Laureation address – Professor Anthony Cheetham
Professor Anthony Cheetham
Honorary Degree of Doctor of Science
Laureation by Professor Peter Bruce
School of Chemistry
Friday 24 June 2011
Chancellor, it is my privilege to present Professor Anthony Cheetham for the degree of Doctor of Science, honoris causa.
Let me begin by inviting you to examine your surroundings. The chairs on which you sit, the building in which this ceremony is taking place, the clothes you are wearing, are all examples of materials. The mobile telephone in your pocket or handbag, the iPod and now the iPad, indeed many of the devices we take for granted in our modern world, depend intimately on materials with unique electrical, optical and magnetic properties. It is no exaggeration to say that materials not only pervade our culture but shape it. It is the science of materials that Tony Cheetham has made his own.
Establishing the structure and chemical composition of materials is the foundation on which our understanding, and ultimately exploitation, of materials is based. Tony Cheetham has made seminal contributions to this endeavour. He pioneered methods capable of establishing the structures of materials – by which I mean how the atoms are arranged and bonded together – without the need to grow single crystals, which had always been the case in the past. As such, his work permitted access to the structures of important materials that cannot be obtained as single crystals. He pioneered the use of nuclear magnetic resonance to study magnetic materials and the use of high resolution analytical electron microscopy to determine the chemical composition of materials on a smaller scale than ever before.
However, this merely scratches the surface of his achievements. He has, for many years, worked on the synthesis of porous solids; these are materials that contain ordered arrays of tunnels with diameters of less than 1 millionth of a centimetre and exhibit unique properties as catalysts for chemical reactions and for gas storage. Recently he discovered new phosphors. These are materials that change light from one colour to another, allowing us to create white light with much greater energy efficiency than the lighting we use today. Adopting Tony’s phosphors would reduce substantially the electricity and hence CO2 emissions needed to generate light. His phosphors have been patented and are being commercialised.
Hearing of such achievements, you will not be surprised to learn that Tony Cheetham has received more than 30 awards and honours. Amongst his most distinguished awards are the Somiya award of the International Union of Materials Research, in 2004, and the Leverhulme Medal of the Royal Society in 2008. He is a fellow of the Royal Society (the UK Academy of Sciences) and notably of several other national academies, including the German and Indian Academies of Science.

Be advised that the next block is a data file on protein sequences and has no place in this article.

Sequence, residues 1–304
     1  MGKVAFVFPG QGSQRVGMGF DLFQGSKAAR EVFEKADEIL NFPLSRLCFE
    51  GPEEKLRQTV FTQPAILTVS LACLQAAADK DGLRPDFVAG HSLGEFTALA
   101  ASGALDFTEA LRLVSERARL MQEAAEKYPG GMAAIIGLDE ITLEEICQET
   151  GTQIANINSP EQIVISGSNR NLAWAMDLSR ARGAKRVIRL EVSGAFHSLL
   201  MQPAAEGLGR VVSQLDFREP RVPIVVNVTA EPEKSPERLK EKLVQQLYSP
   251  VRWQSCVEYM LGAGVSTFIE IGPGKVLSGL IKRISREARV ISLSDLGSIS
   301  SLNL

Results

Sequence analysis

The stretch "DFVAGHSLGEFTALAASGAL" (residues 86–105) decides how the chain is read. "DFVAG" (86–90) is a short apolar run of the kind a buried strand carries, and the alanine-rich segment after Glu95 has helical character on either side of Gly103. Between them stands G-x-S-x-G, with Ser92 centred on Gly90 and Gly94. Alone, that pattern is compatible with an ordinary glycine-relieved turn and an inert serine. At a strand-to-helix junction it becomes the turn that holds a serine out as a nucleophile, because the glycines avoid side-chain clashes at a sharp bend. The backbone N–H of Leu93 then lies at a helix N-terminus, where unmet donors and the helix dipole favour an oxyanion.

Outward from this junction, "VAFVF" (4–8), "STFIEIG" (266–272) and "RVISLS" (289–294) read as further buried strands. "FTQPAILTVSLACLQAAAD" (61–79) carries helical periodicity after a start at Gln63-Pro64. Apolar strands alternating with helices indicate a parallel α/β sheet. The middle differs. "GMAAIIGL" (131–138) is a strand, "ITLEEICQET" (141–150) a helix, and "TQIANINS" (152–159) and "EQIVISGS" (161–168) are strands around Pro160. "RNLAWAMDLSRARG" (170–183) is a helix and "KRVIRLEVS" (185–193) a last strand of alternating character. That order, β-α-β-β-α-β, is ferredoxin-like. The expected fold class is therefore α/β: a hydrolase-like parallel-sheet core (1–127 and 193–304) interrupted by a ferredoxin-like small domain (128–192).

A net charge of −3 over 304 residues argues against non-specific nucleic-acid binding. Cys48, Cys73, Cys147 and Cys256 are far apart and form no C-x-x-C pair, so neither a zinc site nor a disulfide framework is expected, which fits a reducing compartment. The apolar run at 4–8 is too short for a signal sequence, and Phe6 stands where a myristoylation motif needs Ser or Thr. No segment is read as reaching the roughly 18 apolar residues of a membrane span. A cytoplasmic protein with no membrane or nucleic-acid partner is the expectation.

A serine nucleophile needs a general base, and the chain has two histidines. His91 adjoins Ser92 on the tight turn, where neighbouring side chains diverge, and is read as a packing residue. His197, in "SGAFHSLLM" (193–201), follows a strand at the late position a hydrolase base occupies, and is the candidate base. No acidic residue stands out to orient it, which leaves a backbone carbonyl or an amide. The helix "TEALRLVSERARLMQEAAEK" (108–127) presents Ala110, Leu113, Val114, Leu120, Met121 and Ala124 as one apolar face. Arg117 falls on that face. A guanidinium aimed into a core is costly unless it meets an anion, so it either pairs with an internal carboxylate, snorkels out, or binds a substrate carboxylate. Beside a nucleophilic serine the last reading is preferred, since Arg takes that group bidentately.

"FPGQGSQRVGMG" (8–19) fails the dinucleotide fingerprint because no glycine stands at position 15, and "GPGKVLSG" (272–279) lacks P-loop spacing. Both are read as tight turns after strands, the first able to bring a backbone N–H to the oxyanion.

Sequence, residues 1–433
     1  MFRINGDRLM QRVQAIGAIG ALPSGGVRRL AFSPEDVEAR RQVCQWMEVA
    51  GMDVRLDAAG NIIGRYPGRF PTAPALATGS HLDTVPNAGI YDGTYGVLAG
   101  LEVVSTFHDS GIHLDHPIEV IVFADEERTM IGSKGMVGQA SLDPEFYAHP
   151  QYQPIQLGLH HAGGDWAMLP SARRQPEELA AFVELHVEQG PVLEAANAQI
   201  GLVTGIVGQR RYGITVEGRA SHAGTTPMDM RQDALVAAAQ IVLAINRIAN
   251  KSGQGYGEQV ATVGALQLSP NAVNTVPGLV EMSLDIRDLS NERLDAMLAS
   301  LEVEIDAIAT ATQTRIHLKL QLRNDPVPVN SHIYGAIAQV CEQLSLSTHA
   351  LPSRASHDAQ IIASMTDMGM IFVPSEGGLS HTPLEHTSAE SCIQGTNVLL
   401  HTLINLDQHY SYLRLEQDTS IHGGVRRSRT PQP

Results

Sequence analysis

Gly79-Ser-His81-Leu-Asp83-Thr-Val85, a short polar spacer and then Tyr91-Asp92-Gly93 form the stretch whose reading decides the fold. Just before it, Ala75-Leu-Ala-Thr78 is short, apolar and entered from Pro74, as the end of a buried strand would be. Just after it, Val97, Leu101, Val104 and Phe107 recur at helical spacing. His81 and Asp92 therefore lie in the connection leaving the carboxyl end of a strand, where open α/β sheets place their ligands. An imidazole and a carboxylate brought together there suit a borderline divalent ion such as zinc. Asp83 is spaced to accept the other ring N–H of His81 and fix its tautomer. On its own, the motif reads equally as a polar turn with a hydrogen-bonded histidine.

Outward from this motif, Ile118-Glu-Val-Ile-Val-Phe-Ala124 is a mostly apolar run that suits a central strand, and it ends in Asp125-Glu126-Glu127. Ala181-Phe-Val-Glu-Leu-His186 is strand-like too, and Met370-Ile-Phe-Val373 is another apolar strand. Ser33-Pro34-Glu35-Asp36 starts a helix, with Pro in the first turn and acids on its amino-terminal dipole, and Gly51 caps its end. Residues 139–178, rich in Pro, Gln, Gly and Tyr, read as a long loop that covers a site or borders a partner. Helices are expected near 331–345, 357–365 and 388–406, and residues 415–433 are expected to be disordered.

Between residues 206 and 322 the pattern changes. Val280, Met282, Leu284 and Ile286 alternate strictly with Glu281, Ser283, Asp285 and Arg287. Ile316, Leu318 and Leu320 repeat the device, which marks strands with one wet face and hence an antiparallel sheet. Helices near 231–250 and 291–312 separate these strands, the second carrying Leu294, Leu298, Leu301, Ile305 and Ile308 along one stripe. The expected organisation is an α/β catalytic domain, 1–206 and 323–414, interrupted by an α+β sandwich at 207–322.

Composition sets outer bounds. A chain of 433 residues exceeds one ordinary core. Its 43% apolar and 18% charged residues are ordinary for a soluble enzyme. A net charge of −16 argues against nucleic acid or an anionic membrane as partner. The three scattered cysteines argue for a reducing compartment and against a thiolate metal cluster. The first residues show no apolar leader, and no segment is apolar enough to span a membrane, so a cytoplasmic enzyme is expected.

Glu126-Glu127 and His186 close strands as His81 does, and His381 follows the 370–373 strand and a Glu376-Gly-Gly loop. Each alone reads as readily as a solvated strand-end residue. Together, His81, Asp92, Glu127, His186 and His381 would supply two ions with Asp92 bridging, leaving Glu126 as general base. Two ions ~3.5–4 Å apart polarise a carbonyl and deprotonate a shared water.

I first met Tony some 25 years ago in Oxford. Then he was a relatively junior faculty member but clearly someone who could make things happen. He moved to the University of California at Santa Barbara in 1991, where he founded the Materials Research Laboratory and through his own research as well as the management of the centre he catapulted Santa Barbara to a world leading position in materials research.
Many would have been content with this success, but not Tony. He persuaded the US funding agencies to support the establishment of an International Centre for Materials based in Santa Barbara. The Centre has organised many conferences and workshops, which have brought together scientists from third world countries in Asia and Africa with those from developed nations. This is an achievement that goes far beyond individual scientific endeavour and is one for which Tony should be, and I’m sure is, justly proud. In recognition of his work, Tony will receive, later this year, the TWAS Medal from the Academy of Sciences for the Developing World.
Time does not permit me to tell you about Tony’s activities in the world of finance and venture capital or his role as science advisor to major multinational companies, such as Unilever, and governments.
I must not end without mentioning his role as a mentor. Tony has trained and mentored many of the best scientists working in materials today. I’m delighted to count some of his former students as my colleagues here at St Andrews. He has instilled in them not only an enthusiasm for the subject but also an understanding of what the important problems are and how to tackle them. There can be no greater legacy for any scientist than the success of the next generation. Tony is a great supporter of younger scientists and a good friend to St Andrews.
Finally, Tony recently returned to the UK to a Chair of Materials at Cambridge. However, while an undergraduate at St Catherine’s College Oxford one of Tony’s tutors advised him to, in the words of the tutor, “set a bigger sail”. Tony clearly took these comments on board, but rather than a bigger sail he fixed an outboard motor to the hull and launched a scientific career that I am sure far exceeded the tutor’s expectations and has brought him to today’s ceremony.
Chancellor, in recognition of his major contribution to materials chemistry I invite you to confer on Professor Anthony Cheetham the degree of Doctor of Science, honoris causa.